This week, we’re looking at ways to get students more involved in a college ministry, and yesterday I noted the importance of regularly repeating the next steps available to them.
Today, a “repeat” of a different kind: Making sure that students’ next steps are open (or re-opened) several times through the year.
A college ministry is too fluid a thing to only offer entry into a small group once a year (or even once a semester). Unless you’re getting NO new students, those students who come shouldn’t have to wait ten weeks (or ten months) to jump in to community.
(This focus on keeping opportunities open – or re-opening them occasionally – can affect your recruitment, too. Notes on that below.)
The same should hold true for other “levels of involvement,” at least as much as possible. I’ve written before about staggering yearlong leadership posts so that some begin in January, for instance, and others in August. (See the bottom of this 2010 post for more on that.) Plus in some ministries – especially if they’re just starting with leadership teams – it’s probably better to have semester-long commitments anyway.
Where else can we provide multiple entry points throughout a semester?
- Getting on a ministry team (like greeters, or the social media team, or any other team you have)
- Leading a small group (because you’re trying to open new ones through the year, right?!)
- “Recruiting” itself, both on-campus and within the ministry: If the only time we focus on greeting visitors well or casting the vision for the ministry is at the beginning of a year or a semester, we’re missing a big chance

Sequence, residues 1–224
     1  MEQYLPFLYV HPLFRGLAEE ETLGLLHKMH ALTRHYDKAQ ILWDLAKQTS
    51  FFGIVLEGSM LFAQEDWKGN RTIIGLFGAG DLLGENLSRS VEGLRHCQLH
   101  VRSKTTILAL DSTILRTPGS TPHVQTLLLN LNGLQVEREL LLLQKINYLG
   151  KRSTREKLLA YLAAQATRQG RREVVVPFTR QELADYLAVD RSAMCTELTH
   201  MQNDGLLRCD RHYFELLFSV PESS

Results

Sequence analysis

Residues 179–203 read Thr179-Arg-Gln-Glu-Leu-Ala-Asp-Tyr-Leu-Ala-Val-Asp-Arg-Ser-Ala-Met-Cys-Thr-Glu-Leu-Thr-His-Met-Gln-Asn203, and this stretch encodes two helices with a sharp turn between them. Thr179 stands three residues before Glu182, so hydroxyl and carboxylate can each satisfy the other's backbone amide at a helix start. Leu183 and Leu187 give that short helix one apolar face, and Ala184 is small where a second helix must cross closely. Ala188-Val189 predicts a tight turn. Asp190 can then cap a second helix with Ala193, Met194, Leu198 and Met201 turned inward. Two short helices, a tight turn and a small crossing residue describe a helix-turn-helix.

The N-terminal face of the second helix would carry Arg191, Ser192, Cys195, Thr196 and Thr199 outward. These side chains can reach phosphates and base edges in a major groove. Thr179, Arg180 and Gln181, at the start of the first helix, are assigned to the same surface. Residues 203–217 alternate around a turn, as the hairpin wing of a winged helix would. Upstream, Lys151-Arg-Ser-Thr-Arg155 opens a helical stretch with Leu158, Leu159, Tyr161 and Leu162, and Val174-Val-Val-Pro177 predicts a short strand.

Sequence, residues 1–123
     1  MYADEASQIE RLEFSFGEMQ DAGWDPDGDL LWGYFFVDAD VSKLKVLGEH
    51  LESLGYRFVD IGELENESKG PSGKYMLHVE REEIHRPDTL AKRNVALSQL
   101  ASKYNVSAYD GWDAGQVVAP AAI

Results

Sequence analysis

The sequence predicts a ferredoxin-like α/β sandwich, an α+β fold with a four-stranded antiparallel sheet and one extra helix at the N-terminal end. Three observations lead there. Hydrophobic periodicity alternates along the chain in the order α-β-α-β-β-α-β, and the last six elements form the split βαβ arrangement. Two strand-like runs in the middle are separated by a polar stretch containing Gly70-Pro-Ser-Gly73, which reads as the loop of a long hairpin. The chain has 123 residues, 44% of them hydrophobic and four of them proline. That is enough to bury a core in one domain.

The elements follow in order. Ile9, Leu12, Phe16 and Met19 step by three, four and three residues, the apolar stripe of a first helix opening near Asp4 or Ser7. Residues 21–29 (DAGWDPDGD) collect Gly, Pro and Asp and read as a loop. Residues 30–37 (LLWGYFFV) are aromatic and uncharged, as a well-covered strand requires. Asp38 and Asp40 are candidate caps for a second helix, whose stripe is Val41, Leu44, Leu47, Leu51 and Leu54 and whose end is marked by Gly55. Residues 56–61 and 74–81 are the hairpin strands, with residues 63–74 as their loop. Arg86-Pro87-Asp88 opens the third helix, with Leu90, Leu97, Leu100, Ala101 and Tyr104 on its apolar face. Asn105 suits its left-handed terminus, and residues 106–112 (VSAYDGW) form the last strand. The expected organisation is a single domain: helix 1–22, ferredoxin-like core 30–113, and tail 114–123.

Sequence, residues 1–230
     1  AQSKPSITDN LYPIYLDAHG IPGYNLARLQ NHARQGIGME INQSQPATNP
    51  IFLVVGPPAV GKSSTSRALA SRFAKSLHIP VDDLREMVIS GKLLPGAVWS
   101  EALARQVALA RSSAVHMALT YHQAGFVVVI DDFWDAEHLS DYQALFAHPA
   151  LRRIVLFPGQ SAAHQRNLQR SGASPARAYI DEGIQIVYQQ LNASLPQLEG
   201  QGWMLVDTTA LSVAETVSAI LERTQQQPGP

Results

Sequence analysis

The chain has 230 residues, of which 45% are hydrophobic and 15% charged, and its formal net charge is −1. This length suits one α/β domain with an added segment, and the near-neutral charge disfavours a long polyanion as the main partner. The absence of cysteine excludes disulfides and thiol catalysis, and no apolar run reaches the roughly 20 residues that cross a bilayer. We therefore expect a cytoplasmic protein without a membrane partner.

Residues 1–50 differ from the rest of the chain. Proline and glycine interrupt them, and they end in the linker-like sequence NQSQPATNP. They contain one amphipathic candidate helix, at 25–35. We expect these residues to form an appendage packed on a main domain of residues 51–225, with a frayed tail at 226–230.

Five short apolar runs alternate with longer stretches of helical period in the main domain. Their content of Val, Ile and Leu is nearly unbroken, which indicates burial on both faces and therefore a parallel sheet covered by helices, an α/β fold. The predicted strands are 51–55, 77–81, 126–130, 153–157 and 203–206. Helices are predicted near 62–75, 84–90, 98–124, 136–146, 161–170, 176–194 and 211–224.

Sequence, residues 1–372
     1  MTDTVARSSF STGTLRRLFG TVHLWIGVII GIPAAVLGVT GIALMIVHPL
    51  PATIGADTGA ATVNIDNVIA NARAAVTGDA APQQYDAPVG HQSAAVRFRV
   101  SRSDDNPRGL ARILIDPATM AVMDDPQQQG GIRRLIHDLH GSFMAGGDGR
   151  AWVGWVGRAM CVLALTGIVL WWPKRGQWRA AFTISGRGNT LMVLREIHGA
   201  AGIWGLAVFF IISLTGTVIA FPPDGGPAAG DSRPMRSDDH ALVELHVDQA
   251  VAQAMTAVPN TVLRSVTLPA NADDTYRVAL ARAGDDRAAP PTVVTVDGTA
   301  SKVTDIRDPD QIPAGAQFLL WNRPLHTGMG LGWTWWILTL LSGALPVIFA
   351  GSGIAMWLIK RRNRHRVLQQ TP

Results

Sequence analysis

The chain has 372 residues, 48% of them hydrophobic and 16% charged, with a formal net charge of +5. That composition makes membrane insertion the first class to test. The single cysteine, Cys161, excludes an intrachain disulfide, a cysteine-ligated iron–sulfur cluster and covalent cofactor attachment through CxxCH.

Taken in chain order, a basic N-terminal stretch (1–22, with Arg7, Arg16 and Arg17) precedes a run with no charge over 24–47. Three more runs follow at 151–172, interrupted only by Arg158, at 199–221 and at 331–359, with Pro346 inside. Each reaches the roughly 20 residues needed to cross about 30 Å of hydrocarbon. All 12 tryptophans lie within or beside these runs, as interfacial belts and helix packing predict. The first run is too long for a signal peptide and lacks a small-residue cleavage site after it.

- On-ramp opportunities: Your new-student-focused parties, information gatherings, or service projects don’t have to take place only at the beginning of the year.
- Mission trips, retreats, conferences, and other big events: Obviously, you have to have a cut-off for signups. But are you delaying those signups so that the maximum number of new people can jump in? If students have to sign up in the first few weeks, you’re unlikely to get a lot of people who are aren’t extremely familiar with your ministry yet.
- Becoming known: Sadly, if a student doesn’t arrive within a certain “window” in some ministries, he or she doesn’t really get known for that entire school year. Some of the above options would help that change, but this is really something to look at for your campus ministry.
I noted above that this impacts recruiting, and I truly believe it does: in TWO ways!
- People who come are more likely to come back when a next step is obvious and imminent
- Present students have a lot more inroads for inviting friends; they can choose the best “entry point” instead of having to offer (only) your Large Group Meeting